Tool picking

Did some tool picking yesterday and now I have a couple of new projects to work on. The concave spokeshave will come in handy for stool and chair legs, and the moulding plane is the right size for a number of furniture projects I have in mind.

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The concave spokeshave is a two in one is it? It looks unusual can you explain please. Perhaps you could add some more photos of the plane too.

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Do you mean you bought some tools?

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Asking the question many of us were afraid to!

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Tool picking is basically hunting for old tools in antiques shops, auctions, flea markets and junk stores. These are all bought for restoration projects :slight_smile: sorry, I thought it was common enough to use (possibly I need to spend less time on tool restoration forums)

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I will try and get a couple more this week - the two in one is a Stanley design, although this one is unbranded, so I got a much more reasonable price for it.

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Good to know. Thx for explaining. Are the places you ‘tool pick’ secret ?:joy::joy:

They’re probably in Canada…

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Is that where Ed is right now?

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Unfortunately for you, yes!
But if you fancy a day trip, Old English Tools in Faversham might be worth a punt. I didn’t manage to get there before I moved because of C19, but it’s on my eventual list.

@Giles here you go. It’s a cheaper copy of a Stanley 60. I’ll see how it works once I get it all flattened and sharp.

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Right,
Thanks, I have seen that model.
How does the spokeshave with the thumb screw perform? I still don’t have a flat bottom shave. I have two curved sole spokeshaves, regular Stanley pattern and they are fairly useless. The only curved sole pattern which I have ever seen working really well is the boggs pattern but they are pricey I think. I am going to take a look now.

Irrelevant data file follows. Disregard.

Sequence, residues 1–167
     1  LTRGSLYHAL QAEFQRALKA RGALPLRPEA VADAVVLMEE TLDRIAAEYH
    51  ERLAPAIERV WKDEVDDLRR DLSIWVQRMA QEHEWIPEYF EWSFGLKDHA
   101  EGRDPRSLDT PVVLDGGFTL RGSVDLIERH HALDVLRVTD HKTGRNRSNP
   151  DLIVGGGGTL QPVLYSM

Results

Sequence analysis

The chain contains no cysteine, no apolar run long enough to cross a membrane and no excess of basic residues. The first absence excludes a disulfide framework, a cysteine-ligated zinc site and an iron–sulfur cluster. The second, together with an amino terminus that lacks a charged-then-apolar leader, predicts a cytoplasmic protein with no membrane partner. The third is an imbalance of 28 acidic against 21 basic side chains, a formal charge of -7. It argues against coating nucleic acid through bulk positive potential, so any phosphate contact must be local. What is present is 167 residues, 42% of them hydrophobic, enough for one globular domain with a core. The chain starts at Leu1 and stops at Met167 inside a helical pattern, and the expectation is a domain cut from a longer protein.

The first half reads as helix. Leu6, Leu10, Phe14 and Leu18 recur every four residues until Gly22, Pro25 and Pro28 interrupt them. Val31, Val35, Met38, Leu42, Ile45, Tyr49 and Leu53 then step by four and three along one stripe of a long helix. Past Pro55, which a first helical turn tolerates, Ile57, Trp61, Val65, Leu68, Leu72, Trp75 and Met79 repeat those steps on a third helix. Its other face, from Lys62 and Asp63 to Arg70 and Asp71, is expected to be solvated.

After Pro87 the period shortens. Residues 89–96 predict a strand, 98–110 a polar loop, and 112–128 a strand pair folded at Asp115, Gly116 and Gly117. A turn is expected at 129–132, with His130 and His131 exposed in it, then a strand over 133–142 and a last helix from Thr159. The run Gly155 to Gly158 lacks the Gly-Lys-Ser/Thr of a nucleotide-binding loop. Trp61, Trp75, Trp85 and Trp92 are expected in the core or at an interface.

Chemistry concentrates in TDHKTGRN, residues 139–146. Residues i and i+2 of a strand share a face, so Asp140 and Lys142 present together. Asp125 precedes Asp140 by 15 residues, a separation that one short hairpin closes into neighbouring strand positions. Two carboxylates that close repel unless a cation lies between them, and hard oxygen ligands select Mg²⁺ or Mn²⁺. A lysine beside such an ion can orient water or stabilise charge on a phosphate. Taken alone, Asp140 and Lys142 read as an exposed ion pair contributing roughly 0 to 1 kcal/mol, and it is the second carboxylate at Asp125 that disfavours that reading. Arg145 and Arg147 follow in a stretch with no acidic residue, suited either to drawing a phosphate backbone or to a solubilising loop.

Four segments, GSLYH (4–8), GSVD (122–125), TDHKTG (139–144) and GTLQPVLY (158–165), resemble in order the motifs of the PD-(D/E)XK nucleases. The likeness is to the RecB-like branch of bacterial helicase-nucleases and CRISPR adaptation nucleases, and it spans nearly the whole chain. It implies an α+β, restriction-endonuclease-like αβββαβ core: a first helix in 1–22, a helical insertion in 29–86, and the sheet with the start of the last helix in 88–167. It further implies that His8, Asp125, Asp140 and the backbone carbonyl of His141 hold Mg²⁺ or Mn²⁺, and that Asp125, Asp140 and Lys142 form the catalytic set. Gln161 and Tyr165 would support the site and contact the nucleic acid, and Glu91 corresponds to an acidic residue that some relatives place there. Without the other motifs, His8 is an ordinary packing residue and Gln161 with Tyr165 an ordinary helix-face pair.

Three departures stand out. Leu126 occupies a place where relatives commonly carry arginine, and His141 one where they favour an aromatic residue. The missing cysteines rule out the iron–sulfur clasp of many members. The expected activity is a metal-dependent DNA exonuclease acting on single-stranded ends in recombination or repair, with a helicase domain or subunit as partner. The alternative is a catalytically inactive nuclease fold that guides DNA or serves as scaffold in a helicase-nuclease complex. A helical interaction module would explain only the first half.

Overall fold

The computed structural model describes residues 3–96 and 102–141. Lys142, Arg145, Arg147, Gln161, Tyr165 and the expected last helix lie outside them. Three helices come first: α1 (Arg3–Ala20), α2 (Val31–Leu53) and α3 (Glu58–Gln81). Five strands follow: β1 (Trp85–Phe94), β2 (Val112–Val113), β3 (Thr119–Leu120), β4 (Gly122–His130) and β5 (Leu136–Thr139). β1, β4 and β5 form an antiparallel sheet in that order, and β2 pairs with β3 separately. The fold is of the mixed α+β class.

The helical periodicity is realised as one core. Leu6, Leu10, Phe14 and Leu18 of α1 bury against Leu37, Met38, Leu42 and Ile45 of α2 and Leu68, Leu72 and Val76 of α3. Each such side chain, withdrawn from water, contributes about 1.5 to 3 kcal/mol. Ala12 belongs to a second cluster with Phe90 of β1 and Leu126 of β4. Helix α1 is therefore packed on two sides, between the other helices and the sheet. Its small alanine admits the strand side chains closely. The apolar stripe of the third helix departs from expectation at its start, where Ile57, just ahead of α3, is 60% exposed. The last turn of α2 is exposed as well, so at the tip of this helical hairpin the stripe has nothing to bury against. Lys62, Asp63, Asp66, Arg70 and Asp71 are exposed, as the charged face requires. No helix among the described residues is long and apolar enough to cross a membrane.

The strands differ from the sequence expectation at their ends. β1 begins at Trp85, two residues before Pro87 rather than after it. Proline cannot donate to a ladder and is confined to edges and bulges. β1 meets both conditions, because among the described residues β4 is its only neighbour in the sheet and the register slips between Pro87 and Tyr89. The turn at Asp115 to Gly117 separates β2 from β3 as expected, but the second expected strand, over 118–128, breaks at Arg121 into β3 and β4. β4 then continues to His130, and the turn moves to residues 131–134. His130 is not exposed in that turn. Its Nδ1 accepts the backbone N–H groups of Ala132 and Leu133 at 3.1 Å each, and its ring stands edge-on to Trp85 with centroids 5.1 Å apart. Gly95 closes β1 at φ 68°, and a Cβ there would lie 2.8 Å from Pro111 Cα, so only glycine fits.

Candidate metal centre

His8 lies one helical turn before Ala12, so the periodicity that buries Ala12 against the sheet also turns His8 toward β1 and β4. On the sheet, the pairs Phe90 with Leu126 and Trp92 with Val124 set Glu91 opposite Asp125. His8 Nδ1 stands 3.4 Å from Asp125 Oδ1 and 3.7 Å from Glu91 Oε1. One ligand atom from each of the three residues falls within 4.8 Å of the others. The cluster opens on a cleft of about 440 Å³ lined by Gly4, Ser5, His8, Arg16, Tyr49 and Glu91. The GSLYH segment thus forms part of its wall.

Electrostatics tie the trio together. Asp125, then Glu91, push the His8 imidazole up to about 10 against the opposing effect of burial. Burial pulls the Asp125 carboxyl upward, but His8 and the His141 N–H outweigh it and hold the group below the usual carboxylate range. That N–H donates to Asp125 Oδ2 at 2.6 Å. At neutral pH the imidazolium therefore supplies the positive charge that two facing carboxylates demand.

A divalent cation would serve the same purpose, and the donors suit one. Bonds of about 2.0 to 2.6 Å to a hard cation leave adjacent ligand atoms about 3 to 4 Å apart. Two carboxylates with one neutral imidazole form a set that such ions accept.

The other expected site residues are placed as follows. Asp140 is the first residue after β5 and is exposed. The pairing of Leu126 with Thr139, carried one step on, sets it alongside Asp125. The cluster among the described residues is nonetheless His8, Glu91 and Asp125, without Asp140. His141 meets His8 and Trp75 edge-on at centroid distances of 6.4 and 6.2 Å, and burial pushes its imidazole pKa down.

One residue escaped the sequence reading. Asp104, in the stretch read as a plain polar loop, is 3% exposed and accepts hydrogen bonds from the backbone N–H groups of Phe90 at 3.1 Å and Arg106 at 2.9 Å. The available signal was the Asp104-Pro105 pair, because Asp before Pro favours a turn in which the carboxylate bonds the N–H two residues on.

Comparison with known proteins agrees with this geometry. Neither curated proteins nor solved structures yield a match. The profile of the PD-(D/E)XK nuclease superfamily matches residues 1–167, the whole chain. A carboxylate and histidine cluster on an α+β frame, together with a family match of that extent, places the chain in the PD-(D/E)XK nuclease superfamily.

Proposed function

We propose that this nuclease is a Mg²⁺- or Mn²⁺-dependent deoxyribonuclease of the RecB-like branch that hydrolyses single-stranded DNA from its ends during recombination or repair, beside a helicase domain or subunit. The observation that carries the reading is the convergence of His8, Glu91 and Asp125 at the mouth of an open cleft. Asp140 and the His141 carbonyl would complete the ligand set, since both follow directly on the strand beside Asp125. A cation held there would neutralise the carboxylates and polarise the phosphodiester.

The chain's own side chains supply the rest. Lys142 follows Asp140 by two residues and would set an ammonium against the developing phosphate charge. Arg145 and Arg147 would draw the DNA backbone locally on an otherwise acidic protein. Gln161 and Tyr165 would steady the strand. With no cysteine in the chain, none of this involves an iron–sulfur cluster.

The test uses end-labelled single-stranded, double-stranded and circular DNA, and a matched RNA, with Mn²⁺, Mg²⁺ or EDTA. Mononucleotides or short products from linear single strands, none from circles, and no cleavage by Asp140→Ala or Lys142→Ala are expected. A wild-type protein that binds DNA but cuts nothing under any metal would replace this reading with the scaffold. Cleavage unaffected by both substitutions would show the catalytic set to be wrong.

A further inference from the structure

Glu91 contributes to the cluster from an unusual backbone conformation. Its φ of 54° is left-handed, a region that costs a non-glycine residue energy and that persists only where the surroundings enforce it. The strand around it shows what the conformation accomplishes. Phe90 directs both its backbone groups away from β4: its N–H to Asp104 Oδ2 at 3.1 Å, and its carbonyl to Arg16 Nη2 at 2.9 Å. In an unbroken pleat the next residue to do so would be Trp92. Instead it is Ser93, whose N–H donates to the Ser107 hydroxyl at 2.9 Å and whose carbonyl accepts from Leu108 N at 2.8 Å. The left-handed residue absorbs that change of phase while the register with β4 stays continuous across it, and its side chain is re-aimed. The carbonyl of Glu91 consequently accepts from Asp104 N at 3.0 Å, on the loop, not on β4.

I just had a look, the Quangsheng is like a boggs pattern. A metal bar with thumb screws either side secures the blade.

I bought this recently for ten quid I think.
I recently bought a plastic vernier calliper and I liked it. Especially for thicknessing components. The digital versions are mainly dross unless you spend a few quid and analog are just as bad. Starret and mitutoyo are good and still seem to care about producing real tools but the entry level versions are still quite expensive. The vernier I bought is a cheap generic old version and yet it’s beautifully made, mono block and all the readings tally up. All the jaws are accurately ground. The mechanism is tight and the lock is rock solid. It’s only 0.1 resolution but for woodwork it’s enough.

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Just trying out a new purchase! I find sharpening strangely relaxing !!

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I’ve yet to get them sharp enough to try out properly (busy week) but my favourite is my record 0151 with the two adjustment screws. My cheap foreign copy of the non-screwed one is almost as good, but not quite.

Thx Ed, I might treat myself! Possibly in the summer - there’s a great lido in Faversham!

Oh great, I see you splashed out on the shapton glass. I am loving my shaptons.
I got the shapton pro stones. Best stones I have ever used by a country mile. Easy to flatten and they stay flat, I have timed how long it takes to flatten two stones. Three minutes, and when I am finished they are flat with no groove down the middle. Very little mess and they are very quick. I almost forgot the best feature, splash and go. Basically everything a woodworker wants. The glass and the professional series are loved by woodworkers and knife sharpening enthusiasts rate them too.

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I was expecting to get an 0151 flat sole at Greenwich market but the guy hasn’t had any for ages. He used to have them all the time, Stanley, Record and various other versions. He has interesting tools, I have purchased quite a few. He had a complete groove cutting plane the other day, a quirk router plane of some sort with the weird blade which has a slit in the middle, for inlaying stringing.

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